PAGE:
As his Rules for Radicals (1971) is an address to their generation, we can imagine Alinsky’s take on the new Uptown organizers. Alinsky was more than willing to concede that the "liberal cliché about reconciliation of opposing forces is a load of crap." "Reconciliation means just one thing: when one side gets enough power, then the other side gets reconciled to it." But opposition to consensus politics does not mean opposition to compromise — "just the opposite." "In the world as it is, no victory is ever absolute; but in the world as it is, the right things also invariably get done for the wrong reasons." Revolutionary youth may have "few illusions about the system," but they have "plenty of illusions about the way to change our world."

      As to the JOINers’ response to Alinsky, from Sonnie and Tracy we only have the charge that he was "stuck in the past," and, perhaps, most cutting, unwilling to confront white racism. JOIN pushed whites on the race question "at every opportunity." The group "even mobilized members to support Rev. Martin Luther King Jr’s campaign to desegregate housing in Chicago in the summer of 1966."

      Alinsky had held aloof from the Chicago Freedom Movement. He had seen it as a vehicle for King and his southern leadership to meet the challenge of growing black dissent by demonstrating, in the course of a brief summer, an ability to score a "victory in the North." For Alinsky, the suspicion was confirmed when, after failing to manoeuver Mayor Daly into a sufficiently damaging confrontation, King balked at a march through the red-lined suburb of Cicero, "the Selma of the North," and as his ticket out of town accepted a toothless open-housing deal.

      Yet Sonnie and Tracy concede that JOIN numbers on the housing marches never exceeded a couple dozen, and they do not relate any other attempts to advance a distinctly integrationist agenda. JOIN was not an all-white organization. Its Welfare Union in particular has strong black leadership. Nonetheless, JOIN and its successor organizations announced their anti-racism, less through active integrationism, than through coalition with other groups in "other" communities with a sense—and typically an ethnic sense—of their own boundaries. Engaging in a class-wide struggle may have been the strategic goal, but as Panther Bob Lee remarked, the "code for class struggle" was the Rainbow Coalition.

      This was a position that had been prepared within the SDS. Lenin, Mao, Castro, Che, and Cabral had been ransacked in the RYM battle to defeat and expel the Progressive Labor Party faction. Denying the legitimacy of Third World nationalisms (the self-determination of "oppressed colonies") within the United States, the PLP had continued—Jeff’s "Old Left"—to argue for a unitary class-based movement.

      But if, as Sonnie and Tracy suggest, leaders, "core cadre," in many of these organizations continued to look to such scripture for theory, what else were they finding there, and how did it shape their attempts to formulate a radical community-organizing strategy that would avoid the pitfalls of the Alinksy model?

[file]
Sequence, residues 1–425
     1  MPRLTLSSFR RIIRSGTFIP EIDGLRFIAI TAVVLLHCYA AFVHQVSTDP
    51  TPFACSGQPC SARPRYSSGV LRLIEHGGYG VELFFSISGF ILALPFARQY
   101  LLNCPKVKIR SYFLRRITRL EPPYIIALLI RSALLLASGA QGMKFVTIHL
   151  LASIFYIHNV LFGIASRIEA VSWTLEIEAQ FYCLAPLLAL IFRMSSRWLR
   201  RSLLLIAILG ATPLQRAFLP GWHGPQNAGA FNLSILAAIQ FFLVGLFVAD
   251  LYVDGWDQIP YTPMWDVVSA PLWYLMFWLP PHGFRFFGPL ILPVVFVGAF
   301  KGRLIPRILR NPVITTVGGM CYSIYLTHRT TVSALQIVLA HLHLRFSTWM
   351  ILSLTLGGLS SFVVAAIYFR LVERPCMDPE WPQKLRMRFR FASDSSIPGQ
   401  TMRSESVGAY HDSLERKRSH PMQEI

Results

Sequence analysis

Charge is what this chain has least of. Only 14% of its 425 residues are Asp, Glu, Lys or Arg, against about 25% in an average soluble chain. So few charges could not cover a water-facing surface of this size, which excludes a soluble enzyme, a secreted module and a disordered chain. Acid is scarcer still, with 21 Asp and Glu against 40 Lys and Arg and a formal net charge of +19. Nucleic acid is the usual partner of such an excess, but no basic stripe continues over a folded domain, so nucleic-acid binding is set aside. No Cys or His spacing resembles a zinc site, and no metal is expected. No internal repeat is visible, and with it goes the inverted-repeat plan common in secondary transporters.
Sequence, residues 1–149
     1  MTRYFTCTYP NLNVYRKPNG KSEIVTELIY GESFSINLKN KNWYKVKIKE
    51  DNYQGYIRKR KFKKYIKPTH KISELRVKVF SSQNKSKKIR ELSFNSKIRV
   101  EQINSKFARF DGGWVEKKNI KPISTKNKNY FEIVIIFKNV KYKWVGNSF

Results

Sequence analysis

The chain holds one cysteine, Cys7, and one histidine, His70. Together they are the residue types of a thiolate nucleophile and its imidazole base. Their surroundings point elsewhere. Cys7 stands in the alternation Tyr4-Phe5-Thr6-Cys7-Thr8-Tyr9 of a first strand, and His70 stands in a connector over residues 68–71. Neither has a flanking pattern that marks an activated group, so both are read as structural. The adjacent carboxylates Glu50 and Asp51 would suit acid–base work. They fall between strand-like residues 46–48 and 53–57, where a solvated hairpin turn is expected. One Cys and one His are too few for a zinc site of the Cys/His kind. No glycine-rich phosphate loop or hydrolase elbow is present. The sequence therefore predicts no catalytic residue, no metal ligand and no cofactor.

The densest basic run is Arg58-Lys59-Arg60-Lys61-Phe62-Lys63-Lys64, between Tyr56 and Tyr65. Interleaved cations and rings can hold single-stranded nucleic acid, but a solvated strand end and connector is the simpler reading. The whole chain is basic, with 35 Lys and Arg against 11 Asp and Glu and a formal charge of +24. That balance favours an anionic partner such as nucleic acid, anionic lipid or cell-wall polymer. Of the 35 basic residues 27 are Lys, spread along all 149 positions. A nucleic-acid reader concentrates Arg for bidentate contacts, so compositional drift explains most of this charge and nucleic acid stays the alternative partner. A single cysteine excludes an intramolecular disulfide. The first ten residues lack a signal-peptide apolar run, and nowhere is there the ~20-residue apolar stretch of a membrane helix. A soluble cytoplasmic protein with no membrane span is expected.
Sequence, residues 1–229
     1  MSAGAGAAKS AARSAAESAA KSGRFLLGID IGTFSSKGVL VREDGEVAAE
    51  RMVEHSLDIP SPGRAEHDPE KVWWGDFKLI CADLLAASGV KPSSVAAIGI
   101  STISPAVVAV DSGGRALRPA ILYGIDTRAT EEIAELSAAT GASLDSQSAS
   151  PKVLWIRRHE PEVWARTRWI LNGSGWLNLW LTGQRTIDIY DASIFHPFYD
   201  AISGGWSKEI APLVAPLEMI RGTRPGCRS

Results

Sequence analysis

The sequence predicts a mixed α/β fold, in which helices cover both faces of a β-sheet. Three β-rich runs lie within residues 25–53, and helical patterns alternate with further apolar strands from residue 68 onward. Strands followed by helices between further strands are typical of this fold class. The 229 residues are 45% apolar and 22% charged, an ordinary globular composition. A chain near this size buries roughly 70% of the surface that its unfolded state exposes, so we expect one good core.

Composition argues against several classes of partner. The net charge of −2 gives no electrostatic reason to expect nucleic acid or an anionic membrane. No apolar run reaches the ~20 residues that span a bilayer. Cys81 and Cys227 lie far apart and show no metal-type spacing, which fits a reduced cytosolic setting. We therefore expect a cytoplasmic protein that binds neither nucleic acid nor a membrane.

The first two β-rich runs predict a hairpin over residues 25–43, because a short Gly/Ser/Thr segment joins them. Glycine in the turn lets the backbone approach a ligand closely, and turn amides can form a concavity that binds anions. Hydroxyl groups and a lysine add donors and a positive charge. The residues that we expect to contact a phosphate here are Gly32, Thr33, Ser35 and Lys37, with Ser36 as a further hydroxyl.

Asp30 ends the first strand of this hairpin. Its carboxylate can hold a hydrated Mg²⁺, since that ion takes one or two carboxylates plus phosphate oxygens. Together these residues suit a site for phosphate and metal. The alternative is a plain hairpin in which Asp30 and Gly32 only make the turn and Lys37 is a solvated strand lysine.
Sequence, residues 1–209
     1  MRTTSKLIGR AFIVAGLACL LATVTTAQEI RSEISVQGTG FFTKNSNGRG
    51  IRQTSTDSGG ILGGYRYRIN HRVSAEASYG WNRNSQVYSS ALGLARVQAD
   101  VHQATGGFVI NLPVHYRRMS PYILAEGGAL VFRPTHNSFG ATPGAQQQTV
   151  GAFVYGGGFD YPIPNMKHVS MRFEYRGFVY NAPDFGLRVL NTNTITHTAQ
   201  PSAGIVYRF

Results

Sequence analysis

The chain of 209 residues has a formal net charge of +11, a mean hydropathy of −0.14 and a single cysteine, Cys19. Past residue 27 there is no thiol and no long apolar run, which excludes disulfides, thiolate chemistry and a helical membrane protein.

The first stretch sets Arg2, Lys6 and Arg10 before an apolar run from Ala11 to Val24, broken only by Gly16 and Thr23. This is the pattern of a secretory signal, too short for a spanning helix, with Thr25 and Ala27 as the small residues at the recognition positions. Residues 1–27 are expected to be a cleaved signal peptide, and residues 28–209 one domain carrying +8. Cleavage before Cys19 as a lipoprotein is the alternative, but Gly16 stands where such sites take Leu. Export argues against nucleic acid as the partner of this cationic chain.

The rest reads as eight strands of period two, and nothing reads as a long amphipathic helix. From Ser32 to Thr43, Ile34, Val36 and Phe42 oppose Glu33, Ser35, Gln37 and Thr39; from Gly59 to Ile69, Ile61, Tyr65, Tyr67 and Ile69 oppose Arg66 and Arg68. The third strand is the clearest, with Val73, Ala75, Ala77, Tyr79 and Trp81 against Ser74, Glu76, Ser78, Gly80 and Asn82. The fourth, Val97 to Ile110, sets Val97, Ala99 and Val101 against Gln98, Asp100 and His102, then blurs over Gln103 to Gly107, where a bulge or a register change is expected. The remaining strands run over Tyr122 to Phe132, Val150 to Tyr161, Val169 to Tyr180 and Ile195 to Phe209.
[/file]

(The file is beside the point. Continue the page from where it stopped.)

In the summer of 1967, Frank Reissman summarized a case against Alinsky that was surely familiar to the JOIN activists. Seeking to explode "The Myth of Saul Alinsky" (Dissent 14), Reissman argued that rather than politicize an area, Alinsky’s organizational efforts simply directed people "into a kind of dead-end local activism." Alinsky’s opposition to large programs, broad goals, and ideology confused even those who participated in the local organizations because they find no context for their action. As a result, confined to what might be secured by purely local initiative, they achieved, at best, "a better ghetto."

      Reissman insisted that it was for the "organizer-strategist-intellectual" to "provide the connections, the larger view that will lead to the development of a movement," but adding, as Hilary Rodham (Clinton) notes in her outed 1969 college thesis on Alinsky, almost "as an afterthought," that "this is not to suggest that the larger view should be imposed upon the local group." But again, from Sonnie and Tracy we have little idea of how the "cadre" wrestled to square this circle—of how they saw the balance, however struck, between local initiative and national perspective, securing their organizing efforts against the hazards of co-optation.

      Kirkpatrick Sale (SDS: The Rise and Development of The Students for a Democratic Society, 1973) recalls that the most dispiriting aspect of the ERAP experience was that however much they might talk at night about "transforming the system," "building alternative institutions," and "revolutionary potential," staffers knew that their credibility on the doorstep rested on an ability to secure concessions from, and thus to develop relations with, the local power structures. "Whether JOIN or GROIN", far from erecting parallel structures, projects were built "around all the shoddy instruments of the state." ERAPers were caught in "a politics of adjustment" whose principal function is "to manipulate and control conflict."

      For Alinsky this was the "eternal problem." Confronted by Playboy ("Empowering People, Not Elites," March 1972) with Mayor Daley’s presence (and Wallace stickers) in Back of the Yards (with "the tendency of communities you’ve organized eventually to join the establishment in return for their piece of the economic action"), Alinsky explained that the life span of one of his organizations was five years. After that it was either absorbed into administering programs (rather than building people power) or died. That was something that just had to be accepted, with the understanding that "discrimination and deprivation does not automatically endow [the have-nots] with any special [moral] qualities" and that "all life is a series of revolutions" (perhaps he would move back into the area to organize "a new movement to overthrow the one I built 25 years ago").